We think so. Tattoos were not always considered art, as you well know. Even as recently as the past few decades, people who tattoo were referred to as tattooers or tattooists. It positions tattooing as more of a trade or skill rather than an art. For many, art and tattoos have been living in separate worlds. Some go so far as to say that tattoos are not art.
This may be due to the perceived limitations of skin as a medium. For example, rich textures and the illusion of light may be achieved through layers of paint, different brushes, and so on.
Tattooing just doesn’t have that ability. Or does it?
The earliest recorded tattoo was found on a mummy in the Alps that dates back to 3250BC. Ötzi, the European Tyrolean Iceman had 61 tattoos. We also know that ancient Egyptians used tattoos for decorative purposes, primarily only worn by women. In Samoan culture, the skill of tattooing is passed from father to son.
Art is intentional, it makes a statement to challenge and alters one's perception. So, are tattoos art? Like any good form of art, the question of tattoos is still hotly debated.
As it stands, if someone intends for their art to be art, then it is art. Many modern artists and renowned museum curators agree that whether the tattoo is designed by a tattoo artist or if it is designed with the intended wearer, the intention behind the design is what determines its definition. Like art, tattoos are collectable. People collect tattoo art on their own skin, which can actually be a considerable investment depending on the artist.
There are many similarities between what is considered traditional art and tattoo art. Collectors of fine art tattoos will travel the world for a specific artist, and depending on the name of the artist, a tattoo can cost hundreds or thousands of dollars. Some collectors have even gone so far as to collect human skin, mounted and preserved, like a normal canvas, to feature the tattoos even after death.
Are tattoos art?
It sounds like it so far! However, there may be a definition of tattoo art that distinguishes it from other uses of tattooing, and from other forms of visual art. Tattoo art creates artwork on living skin: the body is an essential component of the artwork. This gives rise to several other distinctive features of tattoo art. It redefines the relationships between artist, artworks, and viewers.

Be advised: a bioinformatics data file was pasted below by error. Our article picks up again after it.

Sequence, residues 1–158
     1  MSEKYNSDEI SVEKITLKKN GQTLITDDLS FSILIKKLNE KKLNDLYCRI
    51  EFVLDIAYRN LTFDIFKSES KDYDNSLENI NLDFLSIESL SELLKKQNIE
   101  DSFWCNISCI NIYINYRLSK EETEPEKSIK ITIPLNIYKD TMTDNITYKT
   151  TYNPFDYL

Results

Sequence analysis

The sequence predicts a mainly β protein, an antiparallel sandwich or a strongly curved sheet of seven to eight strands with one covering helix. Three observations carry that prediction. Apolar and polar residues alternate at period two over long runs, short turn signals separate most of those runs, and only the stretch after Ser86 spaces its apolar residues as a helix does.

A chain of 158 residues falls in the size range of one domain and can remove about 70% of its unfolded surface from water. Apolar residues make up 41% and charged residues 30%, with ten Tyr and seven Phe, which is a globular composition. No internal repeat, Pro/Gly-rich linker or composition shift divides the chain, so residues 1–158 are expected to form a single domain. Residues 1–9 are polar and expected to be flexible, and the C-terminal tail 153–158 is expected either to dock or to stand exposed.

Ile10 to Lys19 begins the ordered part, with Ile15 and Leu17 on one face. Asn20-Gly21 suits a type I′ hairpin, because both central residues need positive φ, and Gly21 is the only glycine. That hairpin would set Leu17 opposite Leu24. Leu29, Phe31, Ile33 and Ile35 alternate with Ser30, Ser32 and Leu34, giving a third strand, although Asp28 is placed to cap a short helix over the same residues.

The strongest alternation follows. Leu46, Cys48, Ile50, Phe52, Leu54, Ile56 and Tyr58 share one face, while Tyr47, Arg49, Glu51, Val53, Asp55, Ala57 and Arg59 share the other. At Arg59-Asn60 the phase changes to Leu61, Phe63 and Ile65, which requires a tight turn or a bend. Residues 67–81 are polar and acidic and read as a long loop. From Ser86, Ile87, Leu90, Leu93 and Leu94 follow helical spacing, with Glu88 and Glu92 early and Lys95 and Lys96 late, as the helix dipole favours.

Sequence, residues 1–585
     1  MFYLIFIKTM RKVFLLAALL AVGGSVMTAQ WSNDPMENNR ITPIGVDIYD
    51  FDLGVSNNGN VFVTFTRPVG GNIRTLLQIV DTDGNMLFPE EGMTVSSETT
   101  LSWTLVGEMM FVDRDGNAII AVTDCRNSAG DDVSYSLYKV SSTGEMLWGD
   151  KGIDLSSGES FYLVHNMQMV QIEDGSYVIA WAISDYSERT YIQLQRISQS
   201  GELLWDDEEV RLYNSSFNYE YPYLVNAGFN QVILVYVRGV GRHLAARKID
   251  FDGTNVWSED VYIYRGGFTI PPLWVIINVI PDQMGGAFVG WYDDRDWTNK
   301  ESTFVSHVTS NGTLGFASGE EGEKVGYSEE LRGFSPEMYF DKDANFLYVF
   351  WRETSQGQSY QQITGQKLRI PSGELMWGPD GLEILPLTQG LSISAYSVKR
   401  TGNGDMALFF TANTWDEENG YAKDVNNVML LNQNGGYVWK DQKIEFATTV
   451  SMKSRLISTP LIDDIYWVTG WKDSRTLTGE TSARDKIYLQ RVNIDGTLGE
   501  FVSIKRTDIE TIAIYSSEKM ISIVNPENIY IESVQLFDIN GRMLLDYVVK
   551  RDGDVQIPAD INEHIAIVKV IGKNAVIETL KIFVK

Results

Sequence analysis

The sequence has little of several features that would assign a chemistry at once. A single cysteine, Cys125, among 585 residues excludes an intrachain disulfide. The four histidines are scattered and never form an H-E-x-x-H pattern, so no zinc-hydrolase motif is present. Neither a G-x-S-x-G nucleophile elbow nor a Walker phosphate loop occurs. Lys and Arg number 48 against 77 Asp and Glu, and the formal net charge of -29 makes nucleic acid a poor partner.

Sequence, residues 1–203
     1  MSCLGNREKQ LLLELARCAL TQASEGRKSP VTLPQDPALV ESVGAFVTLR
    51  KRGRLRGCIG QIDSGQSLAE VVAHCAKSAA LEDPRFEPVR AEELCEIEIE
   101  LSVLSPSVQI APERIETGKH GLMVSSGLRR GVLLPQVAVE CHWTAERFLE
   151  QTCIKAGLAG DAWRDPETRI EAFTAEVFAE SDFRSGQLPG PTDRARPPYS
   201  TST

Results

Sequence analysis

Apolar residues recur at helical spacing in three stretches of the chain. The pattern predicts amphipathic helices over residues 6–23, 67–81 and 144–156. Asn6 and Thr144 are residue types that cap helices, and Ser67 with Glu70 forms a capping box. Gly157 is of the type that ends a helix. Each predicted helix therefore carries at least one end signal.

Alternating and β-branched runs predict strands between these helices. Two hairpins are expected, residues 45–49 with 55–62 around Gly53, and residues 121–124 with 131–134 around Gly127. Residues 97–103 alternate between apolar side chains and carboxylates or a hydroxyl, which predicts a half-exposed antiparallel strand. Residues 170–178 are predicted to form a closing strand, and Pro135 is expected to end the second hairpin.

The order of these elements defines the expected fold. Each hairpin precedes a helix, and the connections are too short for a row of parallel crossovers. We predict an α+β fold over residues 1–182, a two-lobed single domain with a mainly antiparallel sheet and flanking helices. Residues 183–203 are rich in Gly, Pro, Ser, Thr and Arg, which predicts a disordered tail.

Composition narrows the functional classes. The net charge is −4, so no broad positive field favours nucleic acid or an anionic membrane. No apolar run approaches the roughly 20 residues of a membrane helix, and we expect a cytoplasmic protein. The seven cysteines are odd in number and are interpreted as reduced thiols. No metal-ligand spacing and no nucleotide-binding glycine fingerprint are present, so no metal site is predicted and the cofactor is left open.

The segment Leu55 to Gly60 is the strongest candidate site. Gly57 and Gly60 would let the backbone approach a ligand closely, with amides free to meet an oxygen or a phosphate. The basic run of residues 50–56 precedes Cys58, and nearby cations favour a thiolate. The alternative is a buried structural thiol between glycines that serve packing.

Much like street art, tattoo art by its nature resists inclusion in and valuation through art institutions such as galleries and museums. If your ink makes a statement, you are now the owner of a piece of fine art. Artist Bruno Levy sees tattooing as one of the purest art forms, untainted by the conventions of the modern art world, or by money. Tattoo art has no secondary market, nor collectors who want to store your work in a basement or flip it when they decide it doesn’t match the couch. A tattoo is artwork that walks around in the world with you.
The statement your tattoo makes can be literally anything. Whether the point of your tattoo is to celebrate a time in your life or a loved one, the underlying message is that it’s important to YOU. You’re willing to boldly mark your body, potentially forever. The intentions of many artists is to leave their mark forever on the world, including tattoo artists. Over the last century, there has been an insurgence of artists, founding tattoo museums. These new-age museums feature anything from tattoo machinery to the tattoos themselves, whether that is a picture, living display, or skin.
“As a tattoo artist, the role of the craftsman is interlaced with the role of the artist. The artist’s hand is going to create things differently every time, because we’re not machines.” Bruno Levy.
Levy creates his tattoos with the stick-and-poke method which he learned in Nepal. He attaches a needle to a chopstick and pushes the ink into the skin by hand. Although this method may lack a certain sophistication, it allows the artist’s hand to show through.
The stigma surrounding tattoos is fading. In fact, over 20% of the world’s population has a tattoo. Many people, including employers, recognize tattoos for what they are: an assertion of self-expression and freedom of choice. Art schools across the globe are teaching tattooing as a specialty. At the Academy of Art University, prospective tattoo artists learn skills in key areas of artistic representation. This includes the use of light and shade, proportion, perspective, and more.
There are even specialties, such as the artistic recreation of nipples for women who have had mastectomies. The difference between great tattoos and mediocre tattoos has never been more clear. More talent increases competition, and that raises the bar for tattoo artists around the world.
Are tattoos art? We’ll let you decide.
One thing is certain: think before you ink.